Hello, 30something woman on baby forums and infertility groups. May I call you Jessica? You don’t know me, but I was once where you were. I had finally met the man of my dreams, the guy I wanted to build a life with, the father of my future children. I felt so lucky!
Then after a few years of near-unbearable amounts of physical and emotional pain and expense, it became clear we could not make a baby. No way, no how. End of story. Not gonna happen. So WRONG. So unfair. So unlucky.
It was the most horrible thing I’d ever been through. It almost broke me. I was so deeply hurt. Angry. Jealous. Lost. Devastated. I couldn’t take much more. I wanted to be a mom. Was that so wrong? People do this effortlessly — even accidentally! — all the dang time.
Adopting After Infertility
Eventually, we set foot on the path of adoption. Surely after all we’d been through, the gods would bless us with an easy path. Surely we deserved something simple and doable. After all that bad luck, things had to even out, right? Please god, just bring us a baby. We will be the best parents ever. I promise promise promise.
“The Downsides of Open Adoption” — an article by a content mill
There’s a new article on a site that churns out provocative content, a site that seems to value clicks over quality. The article is titled “The Downsides of Open Adoption,” and though you could easily google and find it, I ask you not to. I’m not going to link here because I don’t want to reward uninformed ideas packaged as link-bait.
But I will share some of the statements I find problematic.
Letter Writer: Thanks for your previous help in understanding Bianca when she constantly wants pictures of Charlie and when she cancels our visits. We are taking your advice but are still struggling to build a relationship with our son’s birth mom. One thing that has been hard in relating with Bianca is that most every attempt to connect with her outside of Charlie is met with silence or a quick response.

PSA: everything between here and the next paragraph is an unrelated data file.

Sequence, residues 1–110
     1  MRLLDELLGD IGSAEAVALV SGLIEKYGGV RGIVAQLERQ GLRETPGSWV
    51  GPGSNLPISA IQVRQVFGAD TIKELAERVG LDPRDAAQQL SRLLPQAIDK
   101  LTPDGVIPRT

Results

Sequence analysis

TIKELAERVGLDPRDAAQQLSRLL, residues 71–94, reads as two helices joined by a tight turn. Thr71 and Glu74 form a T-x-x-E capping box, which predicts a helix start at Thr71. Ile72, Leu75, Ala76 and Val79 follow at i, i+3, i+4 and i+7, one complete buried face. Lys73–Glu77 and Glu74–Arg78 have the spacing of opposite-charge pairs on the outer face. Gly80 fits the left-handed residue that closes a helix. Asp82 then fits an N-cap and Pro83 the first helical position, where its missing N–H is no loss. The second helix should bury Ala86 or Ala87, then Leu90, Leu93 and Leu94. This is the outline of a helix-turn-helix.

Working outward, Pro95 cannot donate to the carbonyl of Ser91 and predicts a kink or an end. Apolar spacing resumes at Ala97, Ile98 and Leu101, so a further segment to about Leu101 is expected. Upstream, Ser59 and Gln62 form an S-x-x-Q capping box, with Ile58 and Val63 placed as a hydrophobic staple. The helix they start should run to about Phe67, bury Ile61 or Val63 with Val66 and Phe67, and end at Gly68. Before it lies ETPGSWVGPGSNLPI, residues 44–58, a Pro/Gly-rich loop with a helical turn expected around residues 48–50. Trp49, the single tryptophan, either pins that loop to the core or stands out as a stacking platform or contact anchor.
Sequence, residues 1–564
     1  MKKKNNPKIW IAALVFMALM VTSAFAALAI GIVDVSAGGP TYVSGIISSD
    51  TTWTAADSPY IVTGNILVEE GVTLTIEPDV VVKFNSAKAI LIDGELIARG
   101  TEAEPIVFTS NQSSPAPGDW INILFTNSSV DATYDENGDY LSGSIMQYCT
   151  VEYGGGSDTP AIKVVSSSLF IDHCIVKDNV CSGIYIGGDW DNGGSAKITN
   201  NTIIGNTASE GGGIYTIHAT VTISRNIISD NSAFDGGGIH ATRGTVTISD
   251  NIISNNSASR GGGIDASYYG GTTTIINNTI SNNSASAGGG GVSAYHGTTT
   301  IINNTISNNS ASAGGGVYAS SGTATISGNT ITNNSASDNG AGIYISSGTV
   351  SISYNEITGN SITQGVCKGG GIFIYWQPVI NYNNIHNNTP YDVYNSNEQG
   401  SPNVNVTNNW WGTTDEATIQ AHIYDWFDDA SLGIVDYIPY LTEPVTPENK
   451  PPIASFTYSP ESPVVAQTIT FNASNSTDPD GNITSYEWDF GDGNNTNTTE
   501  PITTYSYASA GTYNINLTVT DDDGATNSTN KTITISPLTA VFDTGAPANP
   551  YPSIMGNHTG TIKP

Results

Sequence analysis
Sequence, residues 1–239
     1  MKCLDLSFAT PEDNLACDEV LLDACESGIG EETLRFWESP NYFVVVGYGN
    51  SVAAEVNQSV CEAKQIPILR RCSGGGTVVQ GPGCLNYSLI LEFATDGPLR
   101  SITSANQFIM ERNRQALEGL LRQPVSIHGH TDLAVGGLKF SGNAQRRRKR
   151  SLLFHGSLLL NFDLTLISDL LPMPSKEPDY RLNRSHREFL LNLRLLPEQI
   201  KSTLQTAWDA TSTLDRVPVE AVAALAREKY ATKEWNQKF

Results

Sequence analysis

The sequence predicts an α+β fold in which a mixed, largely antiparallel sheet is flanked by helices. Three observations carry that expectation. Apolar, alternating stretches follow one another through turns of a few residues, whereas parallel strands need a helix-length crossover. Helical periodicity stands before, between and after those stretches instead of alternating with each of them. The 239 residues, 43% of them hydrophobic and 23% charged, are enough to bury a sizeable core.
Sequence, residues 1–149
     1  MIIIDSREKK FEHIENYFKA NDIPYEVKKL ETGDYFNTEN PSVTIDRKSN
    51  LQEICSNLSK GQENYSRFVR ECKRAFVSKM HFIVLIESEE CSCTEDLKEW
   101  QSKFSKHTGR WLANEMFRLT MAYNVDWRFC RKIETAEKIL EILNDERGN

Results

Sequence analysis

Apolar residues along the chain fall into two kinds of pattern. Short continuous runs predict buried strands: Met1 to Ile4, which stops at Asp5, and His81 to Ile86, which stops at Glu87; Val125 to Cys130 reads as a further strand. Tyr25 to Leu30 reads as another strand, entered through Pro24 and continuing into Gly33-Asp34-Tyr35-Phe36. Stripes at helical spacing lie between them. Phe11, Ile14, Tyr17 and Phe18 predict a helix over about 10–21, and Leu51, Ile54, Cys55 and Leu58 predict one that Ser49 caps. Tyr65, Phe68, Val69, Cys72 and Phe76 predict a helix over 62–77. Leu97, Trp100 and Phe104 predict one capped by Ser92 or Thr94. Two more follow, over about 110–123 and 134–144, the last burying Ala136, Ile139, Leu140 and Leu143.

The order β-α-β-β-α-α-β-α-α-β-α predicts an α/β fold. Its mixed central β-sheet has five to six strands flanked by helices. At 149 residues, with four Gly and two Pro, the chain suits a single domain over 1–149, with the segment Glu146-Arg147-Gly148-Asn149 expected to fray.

For example, if I text her pictures of Charlie letting her know that I’ve been thinking of her, she’ll respond with a thank you or how Charlie looks like her. But when I try to continue the conversation (ask her how she’s doing, if she had a good birthday, etc) she either stops responding or simply says “I’m good,” and the conversation ends there.
I’m sure there are triggers I’m not seeing, but it’s hard to not feel like Bianca sees us as only as a vessel to get pictures or information about Charlie. She doesn’t show much interest in us or our family (I probably shouldn’t expect her to), but that does make it hard to know her intentions in all the sharing on social media. If I actually knew her better, it might be easier to not be so alarmed.
Do you have any ideas for how to approach the conversation of not sharing images on social media? I’ve never actually asked her to not share them before, so bringing it up would be for the first time. Should I bring up the fact that I found her account and saw the images she’s shared? Should I make a blanket statement of “hey I know we’ve never talked about this before, but please don’t share these images of Charlie online for his protection?”